Saturday, April 9, 2011

humanizing the quake (the "outsiders")

These etegami are actually part of my illustrated recipe series, but I have a special reason for posting them under the earthquake series title. I felt that it was worth reminding us all that Japan is a multi-cultural nation, despite what most Japanese kids are taught in school, and despite the occasional nonsense spouted by certain politicians. The recipes posted here represent two prefectures which have cultural traditions that are outside of the Japanese mainstream. Hokkaido, in the far north, and Okinawa in the far south.

The first recipe posted here features a wild plant that is commonly called ainu-negi (Ainu leek). Life in Hokkaido is rich with the legacy of the Ainu, the indigenous people of northern Japan. This legacy can be found in our local dialect, our food culture, our place names, and our worldview. Though the numbers of ethnic Ainu have dwindled, they are vocal and active, and contribute positively to modern Japanese society, economy and government.

To the far south, Okinawa prefecture has a somewhat complicated history as the Kingdom of Ryukyu prior to becoming an official prefecture of Japan in 1879. Their architecture, crafts, food culture, and traditional language is different from that of any other area of Japan. The second illustrated recipe, Goya Champuru, is an Okinawan dish that has become popular all over the country.

Apart from the peoples mentioned above, all over Japan there live permanent residents and naturalized citizens who are not ethnically or culturally mainstream. Some of us have lived here for many generations. Our lives are rooted here. We lived and died in past and present earthquakes and tsunamis. The burden to rebuild Japan is our burden too, and we bear it with pride.


  1. It is interesting what you do. Some people say Japan is homogeneous with single nature, but they are so varies!

    I admired from TV some old fishermen at Tohoku despite of their loss, they said that they want to recover and do the fishing work again at the same place. The want to "live" with Tunami. Kind of like accepting where they are coming from...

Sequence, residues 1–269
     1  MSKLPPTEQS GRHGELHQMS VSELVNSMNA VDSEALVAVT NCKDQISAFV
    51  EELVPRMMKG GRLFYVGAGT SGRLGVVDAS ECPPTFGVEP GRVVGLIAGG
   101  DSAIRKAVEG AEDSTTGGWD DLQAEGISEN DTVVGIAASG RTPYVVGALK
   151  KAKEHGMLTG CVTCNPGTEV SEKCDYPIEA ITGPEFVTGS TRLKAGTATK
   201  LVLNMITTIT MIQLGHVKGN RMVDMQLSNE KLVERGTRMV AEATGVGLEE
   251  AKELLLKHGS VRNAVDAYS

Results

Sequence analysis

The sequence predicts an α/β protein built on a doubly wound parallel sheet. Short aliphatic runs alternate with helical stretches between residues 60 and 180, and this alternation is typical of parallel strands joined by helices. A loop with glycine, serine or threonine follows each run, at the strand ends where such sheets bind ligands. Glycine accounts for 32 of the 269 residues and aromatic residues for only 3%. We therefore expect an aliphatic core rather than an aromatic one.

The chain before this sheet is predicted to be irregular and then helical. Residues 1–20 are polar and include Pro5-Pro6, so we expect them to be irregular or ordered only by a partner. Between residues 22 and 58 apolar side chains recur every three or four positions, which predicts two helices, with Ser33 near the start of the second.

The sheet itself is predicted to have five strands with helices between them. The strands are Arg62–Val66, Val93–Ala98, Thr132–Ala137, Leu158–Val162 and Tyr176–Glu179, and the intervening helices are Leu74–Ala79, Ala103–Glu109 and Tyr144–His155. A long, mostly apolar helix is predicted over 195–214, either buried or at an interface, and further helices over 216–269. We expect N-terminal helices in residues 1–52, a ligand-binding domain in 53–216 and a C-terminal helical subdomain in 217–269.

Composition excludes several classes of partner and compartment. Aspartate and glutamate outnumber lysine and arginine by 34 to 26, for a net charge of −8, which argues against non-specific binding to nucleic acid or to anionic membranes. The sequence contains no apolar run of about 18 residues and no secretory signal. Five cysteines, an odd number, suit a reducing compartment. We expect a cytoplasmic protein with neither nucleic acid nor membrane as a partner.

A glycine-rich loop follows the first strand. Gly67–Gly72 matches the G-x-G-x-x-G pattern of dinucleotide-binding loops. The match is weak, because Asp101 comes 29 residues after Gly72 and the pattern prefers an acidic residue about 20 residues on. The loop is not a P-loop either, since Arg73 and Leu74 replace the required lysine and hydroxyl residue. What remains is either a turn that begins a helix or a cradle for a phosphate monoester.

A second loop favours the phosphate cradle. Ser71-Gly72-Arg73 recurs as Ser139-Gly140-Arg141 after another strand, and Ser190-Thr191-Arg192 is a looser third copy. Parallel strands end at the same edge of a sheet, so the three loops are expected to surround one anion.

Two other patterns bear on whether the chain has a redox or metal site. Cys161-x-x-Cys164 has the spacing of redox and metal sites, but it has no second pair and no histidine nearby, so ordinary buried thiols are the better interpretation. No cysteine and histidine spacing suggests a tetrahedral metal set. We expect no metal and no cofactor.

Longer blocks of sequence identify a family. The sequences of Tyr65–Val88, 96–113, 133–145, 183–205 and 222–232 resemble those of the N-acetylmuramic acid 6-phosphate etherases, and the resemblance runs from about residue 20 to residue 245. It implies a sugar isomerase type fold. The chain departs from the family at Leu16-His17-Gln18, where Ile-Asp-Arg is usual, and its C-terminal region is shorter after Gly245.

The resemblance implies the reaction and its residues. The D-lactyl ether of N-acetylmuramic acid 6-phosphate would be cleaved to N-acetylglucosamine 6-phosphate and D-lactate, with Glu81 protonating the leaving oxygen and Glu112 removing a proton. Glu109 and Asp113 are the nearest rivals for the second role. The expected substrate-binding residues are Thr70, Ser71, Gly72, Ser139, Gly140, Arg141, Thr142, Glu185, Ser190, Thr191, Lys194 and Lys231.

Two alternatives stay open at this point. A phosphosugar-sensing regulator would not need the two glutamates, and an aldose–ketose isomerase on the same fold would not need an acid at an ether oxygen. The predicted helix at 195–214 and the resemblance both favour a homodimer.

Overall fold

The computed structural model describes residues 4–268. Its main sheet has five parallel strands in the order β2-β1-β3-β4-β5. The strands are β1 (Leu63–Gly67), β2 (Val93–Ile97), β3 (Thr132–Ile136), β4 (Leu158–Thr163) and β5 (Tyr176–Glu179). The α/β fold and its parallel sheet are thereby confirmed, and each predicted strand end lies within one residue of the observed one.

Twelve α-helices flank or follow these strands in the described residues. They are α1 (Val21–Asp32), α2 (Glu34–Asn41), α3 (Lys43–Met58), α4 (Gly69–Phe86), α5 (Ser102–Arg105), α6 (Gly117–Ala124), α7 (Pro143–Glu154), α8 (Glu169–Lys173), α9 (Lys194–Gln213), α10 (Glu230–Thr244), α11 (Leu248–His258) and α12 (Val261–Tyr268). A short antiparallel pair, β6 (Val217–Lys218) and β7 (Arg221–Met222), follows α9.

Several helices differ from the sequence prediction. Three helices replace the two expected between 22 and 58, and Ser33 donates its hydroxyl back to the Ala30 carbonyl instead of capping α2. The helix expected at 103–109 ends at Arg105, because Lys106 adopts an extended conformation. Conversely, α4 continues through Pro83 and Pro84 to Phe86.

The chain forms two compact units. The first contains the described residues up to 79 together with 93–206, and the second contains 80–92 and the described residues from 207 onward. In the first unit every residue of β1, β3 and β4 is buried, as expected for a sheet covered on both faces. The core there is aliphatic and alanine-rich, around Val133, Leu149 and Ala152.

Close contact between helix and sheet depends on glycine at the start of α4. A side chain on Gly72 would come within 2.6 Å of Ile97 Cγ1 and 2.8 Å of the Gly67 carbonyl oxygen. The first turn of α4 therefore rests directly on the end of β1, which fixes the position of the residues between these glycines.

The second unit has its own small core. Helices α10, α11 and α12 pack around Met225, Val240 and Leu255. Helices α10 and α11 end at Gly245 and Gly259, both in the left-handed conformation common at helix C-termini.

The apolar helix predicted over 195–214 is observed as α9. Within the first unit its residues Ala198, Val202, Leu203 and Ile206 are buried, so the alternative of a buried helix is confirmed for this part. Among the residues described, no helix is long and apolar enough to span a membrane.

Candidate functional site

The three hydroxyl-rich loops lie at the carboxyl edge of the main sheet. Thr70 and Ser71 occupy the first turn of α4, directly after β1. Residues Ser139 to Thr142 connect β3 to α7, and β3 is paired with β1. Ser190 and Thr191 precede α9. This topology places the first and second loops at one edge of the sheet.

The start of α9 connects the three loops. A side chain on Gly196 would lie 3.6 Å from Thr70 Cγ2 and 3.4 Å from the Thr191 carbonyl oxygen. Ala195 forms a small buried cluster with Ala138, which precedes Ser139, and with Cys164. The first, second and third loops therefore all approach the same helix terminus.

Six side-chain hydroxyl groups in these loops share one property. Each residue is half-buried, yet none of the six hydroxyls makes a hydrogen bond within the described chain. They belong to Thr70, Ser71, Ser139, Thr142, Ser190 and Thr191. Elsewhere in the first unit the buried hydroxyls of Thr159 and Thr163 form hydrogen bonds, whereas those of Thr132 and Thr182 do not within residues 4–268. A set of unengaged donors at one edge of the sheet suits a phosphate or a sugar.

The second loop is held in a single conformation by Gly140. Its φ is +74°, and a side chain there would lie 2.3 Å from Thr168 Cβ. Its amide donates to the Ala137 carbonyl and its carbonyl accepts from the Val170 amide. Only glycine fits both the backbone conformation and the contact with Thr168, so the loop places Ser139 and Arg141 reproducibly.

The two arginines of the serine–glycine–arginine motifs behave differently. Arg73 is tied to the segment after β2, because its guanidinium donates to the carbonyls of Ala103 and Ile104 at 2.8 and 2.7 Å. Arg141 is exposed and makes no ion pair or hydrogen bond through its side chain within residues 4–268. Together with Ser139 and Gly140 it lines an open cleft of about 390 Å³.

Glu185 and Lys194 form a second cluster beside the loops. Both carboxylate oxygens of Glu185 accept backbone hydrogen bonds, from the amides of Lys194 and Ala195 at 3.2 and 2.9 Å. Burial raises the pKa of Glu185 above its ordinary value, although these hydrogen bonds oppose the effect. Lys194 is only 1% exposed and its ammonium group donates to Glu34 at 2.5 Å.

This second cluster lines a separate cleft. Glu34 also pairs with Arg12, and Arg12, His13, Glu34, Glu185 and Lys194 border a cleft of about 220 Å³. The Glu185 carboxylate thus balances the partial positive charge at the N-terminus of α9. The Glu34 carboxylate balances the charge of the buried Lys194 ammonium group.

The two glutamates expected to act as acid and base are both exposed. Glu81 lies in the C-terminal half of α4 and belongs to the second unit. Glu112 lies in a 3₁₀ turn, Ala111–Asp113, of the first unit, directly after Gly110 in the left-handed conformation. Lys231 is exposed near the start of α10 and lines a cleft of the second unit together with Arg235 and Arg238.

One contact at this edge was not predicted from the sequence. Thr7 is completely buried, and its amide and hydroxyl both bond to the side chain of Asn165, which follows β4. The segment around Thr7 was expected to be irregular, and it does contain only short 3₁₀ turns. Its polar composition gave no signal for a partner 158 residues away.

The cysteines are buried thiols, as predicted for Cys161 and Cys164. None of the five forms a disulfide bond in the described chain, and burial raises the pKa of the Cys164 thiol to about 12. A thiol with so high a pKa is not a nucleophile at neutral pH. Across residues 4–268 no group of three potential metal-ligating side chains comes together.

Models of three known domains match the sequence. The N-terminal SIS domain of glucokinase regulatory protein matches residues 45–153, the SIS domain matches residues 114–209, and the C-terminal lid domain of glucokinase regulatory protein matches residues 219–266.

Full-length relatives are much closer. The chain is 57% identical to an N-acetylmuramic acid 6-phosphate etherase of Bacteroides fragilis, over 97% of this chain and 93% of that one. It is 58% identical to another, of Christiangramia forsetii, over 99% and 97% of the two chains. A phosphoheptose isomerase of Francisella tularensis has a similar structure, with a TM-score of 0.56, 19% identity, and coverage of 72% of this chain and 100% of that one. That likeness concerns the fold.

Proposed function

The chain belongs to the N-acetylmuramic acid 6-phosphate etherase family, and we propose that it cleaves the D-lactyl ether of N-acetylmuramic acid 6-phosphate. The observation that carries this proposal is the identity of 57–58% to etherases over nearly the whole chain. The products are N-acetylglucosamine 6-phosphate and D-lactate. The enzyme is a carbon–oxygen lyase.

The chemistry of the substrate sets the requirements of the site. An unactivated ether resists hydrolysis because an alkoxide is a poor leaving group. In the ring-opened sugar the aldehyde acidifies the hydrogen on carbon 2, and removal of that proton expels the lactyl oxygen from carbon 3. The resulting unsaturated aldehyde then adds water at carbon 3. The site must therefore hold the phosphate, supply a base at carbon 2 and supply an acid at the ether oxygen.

2. Your illustrated recipes are breathtaking. I don't think I'd be brave enough to cook with them, though. My recipes often have remnants of sauce on them. These are too beautiful for that to happen.

    Your reflections on the state of diversity in Japan are well said. I admire your facility in expressing it. We are all richer for your doing so.

  3. The "outsiders" have the additional responsibility / honor of bringing the story of Japan to the rest of us. We (I) appreciate what you do.

  4. These are so beautiful. I love your work. I always learn something new every time I come here. I just ordered pages of Japanese paper. Oh my, I am in heaven!

  5. Beautiful recipes' cards! Nice insight on Japan!

  6. Hi Debbie,
    Thank you for comment on my blog.
    Besides my art blog, my project is to take photos and sell and upload on my sites. Some people in foreign countries think that all Japan was destroyed and radiated, which is not true, so during this time, I think about my job is to spread around other parts of Japanese pictures that have had no damage, and make people enjoy Japanese sceneries.

  7. What an interesting post. I realize that I, too, am guilty of thinking, when I see a Caucasian living in japan, that he or she must be an immigrant. How silly! I live in the San Francisco Bay Area, and know many ethnicities of families that have been Californians for generations...of course the same is true all over! Thanks for your enlightening words.

  8. Hi Debbie,
    I just spend a very enjoyable and informative time looking at your blogs after you left a comment on mine. I had seen your painted recipes on They draw and cook as well as Illustration Friday but hadn't realized where your very distinctive and beautiful style came from. I will be visiting again! I'm pretty new to blogging and I'm loving the way the internet illustration community is worldwide.

  9. Beautiful work and post, thankyou for this!

  10. More beautifully illustrated recipes and lore.
    I actually feel your pride of Japan in every post and brushstroke.♥